|Publication number||US5227326 A|
|Application number||US 07/894,171|
|Publication date||Jul 13, 1993|
|Filing date||Jun 3, 1992|
|Priority date||Dec 23, 1991|
|Publication number||07894171, 894171, US 5227326 A, US 5227326A, US-A-5227326, US5227326 A, US5227326A|
|Inventors||Kevin L. Walker|
|Original Assignee||Texas Instruments Incorporated|
|Export Citation||BiBTeX, EndNote, RefMan|
|Patent Citations (3), Referenced by (22), Classifications (18), Legal Events (3)|
|External Links: USPTO, USPTO Assignment, Espacenet|
This application is a continuation of application Ser. No. 07/816,428, filed Dec. 23, 1991 now abandoned.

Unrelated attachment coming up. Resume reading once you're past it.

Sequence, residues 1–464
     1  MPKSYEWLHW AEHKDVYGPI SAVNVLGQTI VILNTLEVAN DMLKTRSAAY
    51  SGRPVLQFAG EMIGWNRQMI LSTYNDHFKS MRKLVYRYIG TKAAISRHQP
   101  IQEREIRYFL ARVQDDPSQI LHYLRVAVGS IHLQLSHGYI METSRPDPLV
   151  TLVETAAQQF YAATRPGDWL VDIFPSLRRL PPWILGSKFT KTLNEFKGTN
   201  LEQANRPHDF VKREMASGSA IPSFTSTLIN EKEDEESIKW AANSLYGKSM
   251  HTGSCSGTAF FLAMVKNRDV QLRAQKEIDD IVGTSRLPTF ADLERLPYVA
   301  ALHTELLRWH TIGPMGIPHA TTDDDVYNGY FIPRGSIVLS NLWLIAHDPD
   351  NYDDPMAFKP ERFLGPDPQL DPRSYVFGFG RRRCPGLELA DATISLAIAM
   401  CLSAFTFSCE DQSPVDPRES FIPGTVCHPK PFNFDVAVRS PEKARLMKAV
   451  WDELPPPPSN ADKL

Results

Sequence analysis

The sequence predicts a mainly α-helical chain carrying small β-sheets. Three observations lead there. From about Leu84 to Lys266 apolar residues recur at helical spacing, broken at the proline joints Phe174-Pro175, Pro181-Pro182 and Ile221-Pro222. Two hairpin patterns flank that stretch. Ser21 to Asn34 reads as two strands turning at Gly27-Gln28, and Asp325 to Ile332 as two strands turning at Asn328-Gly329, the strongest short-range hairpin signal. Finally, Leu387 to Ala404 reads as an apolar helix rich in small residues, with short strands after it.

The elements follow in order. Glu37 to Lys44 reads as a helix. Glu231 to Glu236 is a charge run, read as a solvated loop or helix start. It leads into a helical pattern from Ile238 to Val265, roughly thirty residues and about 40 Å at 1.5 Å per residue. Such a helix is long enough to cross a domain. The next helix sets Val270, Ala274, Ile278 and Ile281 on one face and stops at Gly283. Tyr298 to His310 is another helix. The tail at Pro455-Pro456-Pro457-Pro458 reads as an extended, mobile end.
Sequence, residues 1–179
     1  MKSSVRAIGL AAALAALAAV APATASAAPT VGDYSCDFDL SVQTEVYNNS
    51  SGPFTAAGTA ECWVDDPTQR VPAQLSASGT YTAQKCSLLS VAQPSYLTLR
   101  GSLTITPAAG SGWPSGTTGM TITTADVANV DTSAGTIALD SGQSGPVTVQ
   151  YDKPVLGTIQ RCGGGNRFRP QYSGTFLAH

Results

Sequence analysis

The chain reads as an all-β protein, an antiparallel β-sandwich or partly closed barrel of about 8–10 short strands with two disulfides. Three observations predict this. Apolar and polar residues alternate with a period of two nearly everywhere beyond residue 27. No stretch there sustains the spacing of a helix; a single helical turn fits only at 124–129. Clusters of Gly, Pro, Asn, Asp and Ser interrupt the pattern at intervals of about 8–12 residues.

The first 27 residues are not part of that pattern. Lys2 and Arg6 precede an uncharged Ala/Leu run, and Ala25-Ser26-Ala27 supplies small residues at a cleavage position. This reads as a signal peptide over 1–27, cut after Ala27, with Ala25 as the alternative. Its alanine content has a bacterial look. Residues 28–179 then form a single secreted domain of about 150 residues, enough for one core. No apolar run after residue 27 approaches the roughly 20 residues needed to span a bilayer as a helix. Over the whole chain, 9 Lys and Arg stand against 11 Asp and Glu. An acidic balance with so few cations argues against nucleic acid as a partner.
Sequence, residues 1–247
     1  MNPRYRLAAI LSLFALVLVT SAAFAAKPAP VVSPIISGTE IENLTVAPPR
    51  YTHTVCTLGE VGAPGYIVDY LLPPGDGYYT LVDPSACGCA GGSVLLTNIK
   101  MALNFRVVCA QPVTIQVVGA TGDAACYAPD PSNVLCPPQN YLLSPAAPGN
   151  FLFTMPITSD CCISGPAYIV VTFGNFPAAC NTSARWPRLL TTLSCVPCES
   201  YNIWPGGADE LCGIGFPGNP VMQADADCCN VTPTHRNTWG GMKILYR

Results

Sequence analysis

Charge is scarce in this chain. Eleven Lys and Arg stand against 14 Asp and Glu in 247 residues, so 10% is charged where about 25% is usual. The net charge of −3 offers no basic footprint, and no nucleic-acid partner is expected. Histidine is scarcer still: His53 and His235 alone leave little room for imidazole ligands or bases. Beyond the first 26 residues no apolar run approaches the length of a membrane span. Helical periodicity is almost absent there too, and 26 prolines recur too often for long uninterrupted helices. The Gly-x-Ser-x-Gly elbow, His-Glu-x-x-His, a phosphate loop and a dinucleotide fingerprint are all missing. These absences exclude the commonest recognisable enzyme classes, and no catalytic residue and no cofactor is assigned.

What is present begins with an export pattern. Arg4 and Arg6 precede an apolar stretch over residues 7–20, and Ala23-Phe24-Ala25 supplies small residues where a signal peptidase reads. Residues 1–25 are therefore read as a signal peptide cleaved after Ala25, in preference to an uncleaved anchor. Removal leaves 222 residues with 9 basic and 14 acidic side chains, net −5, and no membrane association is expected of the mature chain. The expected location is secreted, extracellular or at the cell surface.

Copyright, *M* Texas Instruments Incorporated, 1990. A portion of the Disclosure of this patent document contains material which is subject to copyright protection. The copyright and mask work owner has no objection to facsimile reproduction by anyone of the patent document or the patent disclosure, as it appears in the U. S. Patent and Trademark Office, patent file or records, but otherwise reserves all rights in its copyright and mask work whatsoever.
The present invention relates in general to semiconductor devices and in particular to non-volatile memory cells, arrays of non-volatile memory cells, and methods of fabricating the same.